This view is used, among other things, to justify Rand’s anger. “Ayn Rand not infrequently became angry at me over some philosophical statement I made that seemed to ally me with one of the intellectual movements she was fighting,” confessed Leonard Peikoff in his short memoir “My Thirty Years with Ayn Rand.” ”Since her [Rand’s] mind immediately integrated a remark to the fundamentals it presupposes, she would project at once, almost automatically, the full, horrendous meaning of what I had uttered, and then she would be shocked at me.”
This “justification” of Rand’s anger is important, because Rand’s anger is a weapon Rand used to keep her disciples in line. That it was taken to absurd lengths can be heard in question and answer periods in which Rand participated. Anyone who ventured to submit any question in the least challenging would go out of his way to insist he did not advocate any of the philosophical implications of the challenge. Even then, Rand would sometimes go ballistic and attack the questioner. Ludwig von Mises and his wife were shocked at Rand’s conduct toward questioners when they attended a lecture in the early sixties.
That this notion of denouncing people, not merely for their views, but especially for the implications of their views, is highly mischievous can easily be established by simply examining some of the implications of the Objectivist philosophy of history. If the terrible evil of history finds its roots, not in the psychology of evil men, but in ideas, then why should evil ideas be tolerated? Why shouldn’t they be put down by force?
In his essay “Philosophy and Psychology in History,” Peikoff wrote:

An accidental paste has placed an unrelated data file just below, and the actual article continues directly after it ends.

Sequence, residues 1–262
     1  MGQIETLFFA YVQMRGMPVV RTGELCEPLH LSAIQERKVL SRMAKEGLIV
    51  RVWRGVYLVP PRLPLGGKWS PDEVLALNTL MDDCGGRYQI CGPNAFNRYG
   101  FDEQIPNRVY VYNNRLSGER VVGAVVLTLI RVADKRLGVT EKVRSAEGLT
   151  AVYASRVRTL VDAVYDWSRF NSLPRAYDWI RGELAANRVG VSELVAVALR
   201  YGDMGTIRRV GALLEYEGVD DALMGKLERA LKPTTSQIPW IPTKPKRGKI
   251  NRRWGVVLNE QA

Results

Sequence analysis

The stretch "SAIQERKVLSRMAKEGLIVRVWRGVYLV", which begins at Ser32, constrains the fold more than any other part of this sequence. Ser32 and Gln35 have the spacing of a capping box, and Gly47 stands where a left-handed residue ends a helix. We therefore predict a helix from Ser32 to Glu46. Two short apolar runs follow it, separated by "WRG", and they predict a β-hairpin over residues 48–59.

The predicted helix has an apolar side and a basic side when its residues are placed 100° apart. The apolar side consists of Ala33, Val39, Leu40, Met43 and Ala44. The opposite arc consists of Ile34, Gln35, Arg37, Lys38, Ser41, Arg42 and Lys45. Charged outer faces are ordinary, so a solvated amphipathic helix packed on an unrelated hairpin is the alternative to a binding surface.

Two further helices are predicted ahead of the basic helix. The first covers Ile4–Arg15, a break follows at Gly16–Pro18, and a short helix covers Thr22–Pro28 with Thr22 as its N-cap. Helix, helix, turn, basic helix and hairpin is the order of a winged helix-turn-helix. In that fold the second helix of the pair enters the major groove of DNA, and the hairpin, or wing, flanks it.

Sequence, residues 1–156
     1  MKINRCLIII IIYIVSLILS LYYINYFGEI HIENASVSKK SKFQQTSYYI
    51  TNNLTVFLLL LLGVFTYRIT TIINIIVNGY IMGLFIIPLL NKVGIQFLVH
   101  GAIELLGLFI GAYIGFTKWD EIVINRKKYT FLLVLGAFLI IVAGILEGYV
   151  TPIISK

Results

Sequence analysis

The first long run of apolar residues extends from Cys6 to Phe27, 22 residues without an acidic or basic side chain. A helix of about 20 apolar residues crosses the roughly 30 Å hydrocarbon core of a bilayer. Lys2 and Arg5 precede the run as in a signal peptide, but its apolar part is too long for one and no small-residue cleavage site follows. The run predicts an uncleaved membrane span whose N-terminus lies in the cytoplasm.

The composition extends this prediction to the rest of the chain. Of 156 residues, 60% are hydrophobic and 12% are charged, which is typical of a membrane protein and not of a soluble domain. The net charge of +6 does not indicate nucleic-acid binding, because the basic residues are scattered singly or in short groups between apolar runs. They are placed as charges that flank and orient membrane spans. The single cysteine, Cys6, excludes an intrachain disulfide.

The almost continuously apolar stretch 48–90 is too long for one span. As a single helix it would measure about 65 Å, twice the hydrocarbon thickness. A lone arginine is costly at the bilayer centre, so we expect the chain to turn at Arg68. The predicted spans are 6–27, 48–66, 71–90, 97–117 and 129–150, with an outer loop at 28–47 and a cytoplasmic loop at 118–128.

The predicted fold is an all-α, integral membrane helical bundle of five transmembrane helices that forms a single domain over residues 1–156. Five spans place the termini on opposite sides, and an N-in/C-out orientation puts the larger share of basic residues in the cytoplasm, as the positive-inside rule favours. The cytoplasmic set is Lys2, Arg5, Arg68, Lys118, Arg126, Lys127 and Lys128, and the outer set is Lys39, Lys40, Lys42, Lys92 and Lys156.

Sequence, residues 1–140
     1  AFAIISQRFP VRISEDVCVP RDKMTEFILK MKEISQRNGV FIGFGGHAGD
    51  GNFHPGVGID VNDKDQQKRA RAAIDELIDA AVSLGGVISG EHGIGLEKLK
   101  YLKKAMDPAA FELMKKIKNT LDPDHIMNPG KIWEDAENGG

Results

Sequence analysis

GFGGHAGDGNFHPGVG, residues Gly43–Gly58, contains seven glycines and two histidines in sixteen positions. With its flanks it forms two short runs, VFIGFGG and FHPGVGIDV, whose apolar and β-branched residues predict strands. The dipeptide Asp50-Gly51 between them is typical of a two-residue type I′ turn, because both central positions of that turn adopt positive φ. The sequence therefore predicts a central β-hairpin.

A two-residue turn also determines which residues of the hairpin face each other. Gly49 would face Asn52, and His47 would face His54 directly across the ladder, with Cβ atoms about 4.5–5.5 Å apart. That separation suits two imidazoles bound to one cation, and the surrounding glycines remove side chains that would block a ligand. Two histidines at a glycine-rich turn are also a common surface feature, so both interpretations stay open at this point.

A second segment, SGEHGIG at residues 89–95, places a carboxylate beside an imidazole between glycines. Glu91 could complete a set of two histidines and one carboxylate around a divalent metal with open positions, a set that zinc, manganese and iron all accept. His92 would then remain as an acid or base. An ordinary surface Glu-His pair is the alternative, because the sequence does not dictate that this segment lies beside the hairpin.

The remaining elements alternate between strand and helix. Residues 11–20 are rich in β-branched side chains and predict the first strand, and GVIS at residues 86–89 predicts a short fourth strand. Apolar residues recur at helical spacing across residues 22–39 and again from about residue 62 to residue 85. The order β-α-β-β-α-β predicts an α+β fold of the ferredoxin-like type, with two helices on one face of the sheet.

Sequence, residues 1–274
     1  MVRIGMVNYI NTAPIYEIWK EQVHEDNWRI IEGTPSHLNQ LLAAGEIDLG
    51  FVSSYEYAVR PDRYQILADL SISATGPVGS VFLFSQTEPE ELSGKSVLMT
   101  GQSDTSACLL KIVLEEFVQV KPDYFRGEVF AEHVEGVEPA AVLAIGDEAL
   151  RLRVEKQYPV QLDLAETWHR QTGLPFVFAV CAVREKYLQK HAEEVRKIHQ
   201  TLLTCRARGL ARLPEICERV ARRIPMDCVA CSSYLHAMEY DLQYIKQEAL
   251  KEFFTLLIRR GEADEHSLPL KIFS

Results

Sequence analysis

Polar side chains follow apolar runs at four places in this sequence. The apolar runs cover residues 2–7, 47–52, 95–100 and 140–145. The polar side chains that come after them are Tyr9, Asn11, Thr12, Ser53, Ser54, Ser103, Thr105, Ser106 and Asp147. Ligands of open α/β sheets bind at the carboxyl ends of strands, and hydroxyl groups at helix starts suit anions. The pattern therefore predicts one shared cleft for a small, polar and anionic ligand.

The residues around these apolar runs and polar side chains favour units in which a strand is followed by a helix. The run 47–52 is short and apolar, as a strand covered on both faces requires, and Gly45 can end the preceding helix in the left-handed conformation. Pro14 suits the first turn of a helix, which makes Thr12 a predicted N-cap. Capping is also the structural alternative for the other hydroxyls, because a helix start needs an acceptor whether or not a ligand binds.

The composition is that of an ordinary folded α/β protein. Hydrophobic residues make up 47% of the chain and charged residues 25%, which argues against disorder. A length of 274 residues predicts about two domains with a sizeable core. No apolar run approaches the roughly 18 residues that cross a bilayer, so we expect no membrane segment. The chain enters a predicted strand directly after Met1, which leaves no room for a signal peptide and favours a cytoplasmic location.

Millions, billions of men may be oblivious to the mind, they may be ignorant of philosophy, they may be contemptuous of abstractions. But, knowingly or not, they are shaped ultimately by the abstractions of a small handful. It is far to weak, therefore, to say the pen is mightier than the sword. The pen, and only a very few pens, create all the swords and the swordsmen, and set the cause of their battles and the final outcome.
Now if the pen is so very mighty, shouldn’t it be regulated? If somebody is hatching “horrendous” philosophical premises and letting them loose against an unsuspecting world, shouldn’t that person be stopped? While Objectivism strongly opposes state supported censorship, the implications of their philosophy of history could easily be used to support such censorship. And indeed, that has always been the main argument for censoring thought. Since some thoughts are heretical and heresy is “dangerous,” the authorities have to put it down by force.
The sociologist Vilfredo Pareto took a different view of the matter. He believed that men were motivated by psychological states, not by ideas. Ideas merely rationalized those psychological states. From this point of view, Pareto concluded that all censorship was futile, because it attacked rationalizations, rather than what was being rationalized. If one rationalization were suppressed by the state, that was of little consequence, because there were many more that could be brought forward to rationalize the very same human sentiments and interests defended in the suppressed rationalization.